There’s something special about ultra-swimming, it seems. In 2014, for example, Knechtle published a paper looking at 30 years of finishing times for the Manhattan Island Marathon Swim, a 28.5-mile loop around the perimeter of Manhattan. On average, the best women were 12 to 14 percent faster than the best men. Another study, published in 2015, looked at 87 years of finishing times for the 20.1-mile Catalina Channel Swim, and found that when “the swimming times of the annual fastest women and the annual fastest men competing between 1927 and 2014 were compared, women were 52.9 minutes faster than men,” Knechtle and his colleagues write.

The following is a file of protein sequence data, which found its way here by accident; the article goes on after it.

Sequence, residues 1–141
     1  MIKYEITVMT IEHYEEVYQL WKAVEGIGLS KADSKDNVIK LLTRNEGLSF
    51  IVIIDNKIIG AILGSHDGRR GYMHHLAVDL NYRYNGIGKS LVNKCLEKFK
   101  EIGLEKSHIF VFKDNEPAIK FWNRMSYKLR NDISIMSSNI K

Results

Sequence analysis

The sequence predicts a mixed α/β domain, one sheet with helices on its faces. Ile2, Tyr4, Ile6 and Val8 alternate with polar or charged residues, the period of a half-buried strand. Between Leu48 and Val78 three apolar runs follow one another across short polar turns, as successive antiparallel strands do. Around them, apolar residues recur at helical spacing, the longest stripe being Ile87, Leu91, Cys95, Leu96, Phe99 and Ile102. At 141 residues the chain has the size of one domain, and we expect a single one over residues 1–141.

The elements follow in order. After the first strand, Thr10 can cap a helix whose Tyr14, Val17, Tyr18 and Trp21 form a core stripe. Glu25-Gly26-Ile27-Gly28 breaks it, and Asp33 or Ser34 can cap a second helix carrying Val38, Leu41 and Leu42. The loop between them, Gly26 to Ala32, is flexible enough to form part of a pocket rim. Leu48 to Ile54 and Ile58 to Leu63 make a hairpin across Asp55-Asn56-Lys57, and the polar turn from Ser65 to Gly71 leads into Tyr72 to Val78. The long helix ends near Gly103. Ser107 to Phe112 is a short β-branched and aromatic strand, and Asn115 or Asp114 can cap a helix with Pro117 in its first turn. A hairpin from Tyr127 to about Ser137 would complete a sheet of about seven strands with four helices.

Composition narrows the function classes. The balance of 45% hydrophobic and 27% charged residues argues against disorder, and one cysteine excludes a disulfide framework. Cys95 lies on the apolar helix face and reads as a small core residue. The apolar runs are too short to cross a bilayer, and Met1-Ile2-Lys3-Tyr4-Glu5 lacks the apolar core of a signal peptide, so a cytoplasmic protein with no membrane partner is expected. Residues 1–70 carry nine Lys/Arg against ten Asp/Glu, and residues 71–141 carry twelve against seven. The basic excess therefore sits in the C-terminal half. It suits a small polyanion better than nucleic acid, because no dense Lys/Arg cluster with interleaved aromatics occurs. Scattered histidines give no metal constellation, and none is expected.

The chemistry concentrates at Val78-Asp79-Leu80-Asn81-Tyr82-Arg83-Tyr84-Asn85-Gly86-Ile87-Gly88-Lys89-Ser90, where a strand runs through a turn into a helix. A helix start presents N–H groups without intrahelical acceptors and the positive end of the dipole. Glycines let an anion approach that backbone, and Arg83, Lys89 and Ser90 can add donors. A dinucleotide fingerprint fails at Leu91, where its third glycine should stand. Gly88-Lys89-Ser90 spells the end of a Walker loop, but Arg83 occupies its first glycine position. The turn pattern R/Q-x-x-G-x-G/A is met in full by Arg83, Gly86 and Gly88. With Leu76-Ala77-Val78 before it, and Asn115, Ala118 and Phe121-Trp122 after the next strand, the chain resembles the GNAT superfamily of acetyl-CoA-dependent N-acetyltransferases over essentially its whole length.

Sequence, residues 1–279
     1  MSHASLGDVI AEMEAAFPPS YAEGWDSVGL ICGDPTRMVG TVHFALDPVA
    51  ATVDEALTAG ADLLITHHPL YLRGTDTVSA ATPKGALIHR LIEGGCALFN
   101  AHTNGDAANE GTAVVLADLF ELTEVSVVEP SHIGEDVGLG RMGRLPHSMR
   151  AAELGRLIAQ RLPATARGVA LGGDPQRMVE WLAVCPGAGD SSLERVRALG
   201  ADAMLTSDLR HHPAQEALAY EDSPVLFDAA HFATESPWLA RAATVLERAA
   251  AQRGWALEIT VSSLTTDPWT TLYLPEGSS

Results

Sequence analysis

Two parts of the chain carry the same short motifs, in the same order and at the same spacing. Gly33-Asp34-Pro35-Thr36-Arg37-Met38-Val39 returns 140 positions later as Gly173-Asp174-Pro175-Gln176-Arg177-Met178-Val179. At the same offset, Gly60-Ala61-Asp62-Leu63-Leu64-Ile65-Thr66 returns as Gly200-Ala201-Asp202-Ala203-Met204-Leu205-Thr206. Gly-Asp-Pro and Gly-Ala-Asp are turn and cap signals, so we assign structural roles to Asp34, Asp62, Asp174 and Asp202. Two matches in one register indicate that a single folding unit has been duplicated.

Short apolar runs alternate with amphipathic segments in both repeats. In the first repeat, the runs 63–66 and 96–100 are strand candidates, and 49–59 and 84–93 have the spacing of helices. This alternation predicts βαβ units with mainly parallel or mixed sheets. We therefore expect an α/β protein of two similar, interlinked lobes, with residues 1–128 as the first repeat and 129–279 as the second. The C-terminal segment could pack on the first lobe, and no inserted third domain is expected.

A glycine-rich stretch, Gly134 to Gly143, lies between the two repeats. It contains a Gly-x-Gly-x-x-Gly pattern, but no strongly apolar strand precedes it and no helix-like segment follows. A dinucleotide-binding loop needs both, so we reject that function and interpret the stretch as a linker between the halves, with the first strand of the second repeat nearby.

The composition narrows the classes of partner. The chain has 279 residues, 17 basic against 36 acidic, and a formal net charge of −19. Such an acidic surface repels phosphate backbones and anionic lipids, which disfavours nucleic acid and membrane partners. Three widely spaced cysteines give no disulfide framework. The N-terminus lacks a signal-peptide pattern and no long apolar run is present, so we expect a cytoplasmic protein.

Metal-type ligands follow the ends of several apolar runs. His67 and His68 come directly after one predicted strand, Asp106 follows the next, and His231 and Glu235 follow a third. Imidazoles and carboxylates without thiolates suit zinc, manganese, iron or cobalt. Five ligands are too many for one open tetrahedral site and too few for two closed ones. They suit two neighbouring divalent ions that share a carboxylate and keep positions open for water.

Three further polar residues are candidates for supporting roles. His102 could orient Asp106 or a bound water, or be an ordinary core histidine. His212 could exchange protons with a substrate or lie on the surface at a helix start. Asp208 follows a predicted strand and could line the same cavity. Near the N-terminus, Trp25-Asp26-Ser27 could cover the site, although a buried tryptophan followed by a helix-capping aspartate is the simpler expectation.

That’s notable in itself. But it’s not the whole story. Where it gets really interesting is at the amateur level, said Steven Munatones, considered one of the foremost experts on open-water swimming. A few years ago — purely to satisfy his own curiosity — Munatones analyzed the finishing times of men and women who participated in the biggest ultra-distance swims around the world. He did this for three years, keeping track of “12 or 13” races — he can’t remember exactly. He never intended to publish these results anywhere; again, this was for his own curiosity, as a coach and as an open-water swimming fan. Here’s what he found. “If you’re looking at the average times — the average woman is faster than the average man,” said Munatones, who is the founder of the World Open Water Swimming Association. “Which, frankly, I was surprised to see.”
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